I was about 14 years old at the time, and I was coming along with my mother on our weekly visits to see Cicianne and Nasut Dede. I was excited for two reasons. The first one was that Cicianne would make her hallmark ice cream: huge mounds of chocolate ice cream covered in all sorts of wonderful toppings — almonds, cookies, bananas, cherries, raspberries form the garden, self-made jams and preserves. It was a treat every weak.

But secondly, I was eager to show Nasut Dede a painting I made. I bashfully opened up the watercolor book and showed him the still life of an eggplant. “Good,’ he said. Now being a teacher of gentle patience, Nasut Dede was also very economical with his words: “but your lines for the table are crooked. Draw a line for me.’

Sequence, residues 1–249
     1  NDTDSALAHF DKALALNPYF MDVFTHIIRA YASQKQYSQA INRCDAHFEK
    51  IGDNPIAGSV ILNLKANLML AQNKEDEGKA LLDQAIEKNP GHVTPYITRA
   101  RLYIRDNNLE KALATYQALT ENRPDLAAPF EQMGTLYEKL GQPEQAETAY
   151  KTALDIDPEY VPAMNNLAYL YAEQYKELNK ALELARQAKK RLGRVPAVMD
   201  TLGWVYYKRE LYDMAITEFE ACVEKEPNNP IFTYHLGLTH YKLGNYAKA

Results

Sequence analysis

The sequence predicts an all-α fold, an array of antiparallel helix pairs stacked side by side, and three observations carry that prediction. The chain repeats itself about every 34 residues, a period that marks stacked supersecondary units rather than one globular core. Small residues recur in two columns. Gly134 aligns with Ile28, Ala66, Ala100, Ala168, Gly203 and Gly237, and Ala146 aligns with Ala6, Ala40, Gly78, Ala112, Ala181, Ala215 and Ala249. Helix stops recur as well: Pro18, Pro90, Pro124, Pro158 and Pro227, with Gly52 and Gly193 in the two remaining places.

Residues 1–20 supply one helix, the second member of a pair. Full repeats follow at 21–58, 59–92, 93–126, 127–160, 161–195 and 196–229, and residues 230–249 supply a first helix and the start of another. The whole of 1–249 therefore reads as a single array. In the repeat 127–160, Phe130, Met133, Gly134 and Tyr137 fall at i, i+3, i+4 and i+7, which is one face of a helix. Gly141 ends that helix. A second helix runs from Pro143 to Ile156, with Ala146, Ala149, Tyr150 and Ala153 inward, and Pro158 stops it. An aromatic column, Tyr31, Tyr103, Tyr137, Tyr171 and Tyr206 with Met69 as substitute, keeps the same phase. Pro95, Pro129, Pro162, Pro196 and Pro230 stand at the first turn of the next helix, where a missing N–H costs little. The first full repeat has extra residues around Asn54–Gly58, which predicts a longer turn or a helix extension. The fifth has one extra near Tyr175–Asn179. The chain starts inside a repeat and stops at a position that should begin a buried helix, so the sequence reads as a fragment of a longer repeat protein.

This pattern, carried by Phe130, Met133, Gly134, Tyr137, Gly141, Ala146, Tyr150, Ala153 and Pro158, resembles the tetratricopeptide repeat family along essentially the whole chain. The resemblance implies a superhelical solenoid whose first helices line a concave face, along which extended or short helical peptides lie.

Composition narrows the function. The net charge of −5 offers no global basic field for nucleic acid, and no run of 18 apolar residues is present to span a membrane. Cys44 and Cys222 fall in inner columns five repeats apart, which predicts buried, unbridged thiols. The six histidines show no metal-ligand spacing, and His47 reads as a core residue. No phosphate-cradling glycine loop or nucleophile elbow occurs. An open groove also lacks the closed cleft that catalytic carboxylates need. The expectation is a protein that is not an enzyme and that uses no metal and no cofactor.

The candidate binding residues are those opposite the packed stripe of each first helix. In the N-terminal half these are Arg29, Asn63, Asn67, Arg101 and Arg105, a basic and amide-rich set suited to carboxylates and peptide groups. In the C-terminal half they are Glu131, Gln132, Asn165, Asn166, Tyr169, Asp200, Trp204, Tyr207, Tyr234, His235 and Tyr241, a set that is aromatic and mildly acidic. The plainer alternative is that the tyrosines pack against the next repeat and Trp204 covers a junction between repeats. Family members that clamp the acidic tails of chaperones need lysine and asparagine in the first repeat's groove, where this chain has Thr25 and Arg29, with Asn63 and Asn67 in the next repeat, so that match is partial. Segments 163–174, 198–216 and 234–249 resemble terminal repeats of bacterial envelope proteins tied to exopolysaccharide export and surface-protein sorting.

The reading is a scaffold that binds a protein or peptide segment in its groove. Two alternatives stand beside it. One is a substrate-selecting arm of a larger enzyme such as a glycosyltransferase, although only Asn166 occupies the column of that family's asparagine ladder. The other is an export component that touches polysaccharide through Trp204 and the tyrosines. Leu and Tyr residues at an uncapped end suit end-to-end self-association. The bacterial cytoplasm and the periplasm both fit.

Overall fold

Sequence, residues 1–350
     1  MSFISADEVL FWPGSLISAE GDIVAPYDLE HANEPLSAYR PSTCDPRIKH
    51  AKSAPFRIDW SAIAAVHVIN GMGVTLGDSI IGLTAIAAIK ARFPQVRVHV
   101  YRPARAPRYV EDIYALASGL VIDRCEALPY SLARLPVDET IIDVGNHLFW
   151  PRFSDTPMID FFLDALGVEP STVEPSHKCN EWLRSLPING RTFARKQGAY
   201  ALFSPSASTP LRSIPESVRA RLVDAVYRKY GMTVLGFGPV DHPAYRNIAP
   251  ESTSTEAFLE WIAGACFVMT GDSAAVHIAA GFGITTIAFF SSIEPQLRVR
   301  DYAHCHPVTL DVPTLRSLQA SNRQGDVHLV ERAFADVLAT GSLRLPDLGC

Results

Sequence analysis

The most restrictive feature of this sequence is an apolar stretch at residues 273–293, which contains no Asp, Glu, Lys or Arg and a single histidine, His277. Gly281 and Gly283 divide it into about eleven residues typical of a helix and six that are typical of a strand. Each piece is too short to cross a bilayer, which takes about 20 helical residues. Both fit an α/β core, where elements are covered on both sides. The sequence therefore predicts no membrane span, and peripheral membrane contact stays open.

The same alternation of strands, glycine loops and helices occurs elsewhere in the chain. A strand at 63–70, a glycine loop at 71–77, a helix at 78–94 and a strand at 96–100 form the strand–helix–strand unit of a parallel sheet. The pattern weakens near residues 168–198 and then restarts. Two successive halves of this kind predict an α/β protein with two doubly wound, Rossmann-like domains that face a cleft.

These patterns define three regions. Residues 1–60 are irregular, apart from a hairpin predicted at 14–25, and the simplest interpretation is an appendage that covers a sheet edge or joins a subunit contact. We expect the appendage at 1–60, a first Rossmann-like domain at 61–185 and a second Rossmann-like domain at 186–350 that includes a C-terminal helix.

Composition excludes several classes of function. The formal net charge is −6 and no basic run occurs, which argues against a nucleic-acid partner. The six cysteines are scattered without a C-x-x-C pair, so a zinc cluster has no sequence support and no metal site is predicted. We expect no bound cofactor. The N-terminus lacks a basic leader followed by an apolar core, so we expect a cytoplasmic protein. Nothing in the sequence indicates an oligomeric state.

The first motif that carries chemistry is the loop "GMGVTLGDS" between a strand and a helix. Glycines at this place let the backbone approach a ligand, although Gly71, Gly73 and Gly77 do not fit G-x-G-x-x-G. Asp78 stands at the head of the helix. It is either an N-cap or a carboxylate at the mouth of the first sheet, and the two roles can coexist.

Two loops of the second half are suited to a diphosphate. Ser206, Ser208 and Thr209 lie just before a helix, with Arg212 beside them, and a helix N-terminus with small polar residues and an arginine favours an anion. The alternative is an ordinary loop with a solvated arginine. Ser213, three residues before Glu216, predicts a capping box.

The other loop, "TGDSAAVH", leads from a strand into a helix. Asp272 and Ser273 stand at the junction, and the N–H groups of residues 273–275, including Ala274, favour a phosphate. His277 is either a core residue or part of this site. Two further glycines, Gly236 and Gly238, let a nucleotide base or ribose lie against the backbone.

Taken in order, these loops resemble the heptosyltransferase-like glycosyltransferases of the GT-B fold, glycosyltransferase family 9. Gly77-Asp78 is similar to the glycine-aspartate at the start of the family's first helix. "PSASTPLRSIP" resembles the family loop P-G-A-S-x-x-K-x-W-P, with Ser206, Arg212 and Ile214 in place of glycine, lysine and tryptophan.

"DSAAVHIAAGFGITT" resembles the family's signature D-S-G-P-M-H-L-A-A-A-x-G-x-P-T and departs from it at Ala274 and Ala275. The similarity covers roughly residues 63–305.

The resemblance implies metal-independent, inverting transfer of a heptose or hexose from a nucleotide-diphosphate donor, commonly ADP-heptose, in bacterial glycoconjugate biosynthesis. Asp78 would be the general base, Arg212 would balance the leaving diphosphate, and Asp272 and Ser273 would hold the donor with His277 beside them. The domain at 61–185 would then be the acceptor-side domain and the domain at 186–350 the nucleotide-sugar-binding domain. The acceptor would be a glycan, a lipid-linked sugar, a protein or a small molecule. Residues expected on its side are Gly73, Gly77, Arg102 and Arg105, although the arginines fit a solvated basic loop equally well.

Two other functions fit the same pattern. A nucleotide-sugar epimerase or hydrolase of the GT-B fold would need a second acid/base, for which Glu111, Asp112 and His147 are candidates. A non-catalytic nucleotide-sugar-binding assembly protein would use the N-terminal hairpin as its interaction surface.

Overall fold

I drew a line for him across the page. It wasn’t straight, and I thought I could just use a ruler.

“You don’t need a ruler,’ he said. “When you draw a straight line, you always look to where the line is going to be. Not where your line currently is.’

So I took the pencil again and this time stared ahead of the line and let my hand lead itself in the right direction. The line was now straight.

There are a few people in my life that I will never forget and never wish to see leave this world. I miss both Nasut Dede and Cicianne dearly and am reminded of them nearly every day. Their impressions live on in my memories, as clear as when I was with them, and I have been forever grateful to have know them.

Zeyn Nasut Uzman (1927–2015).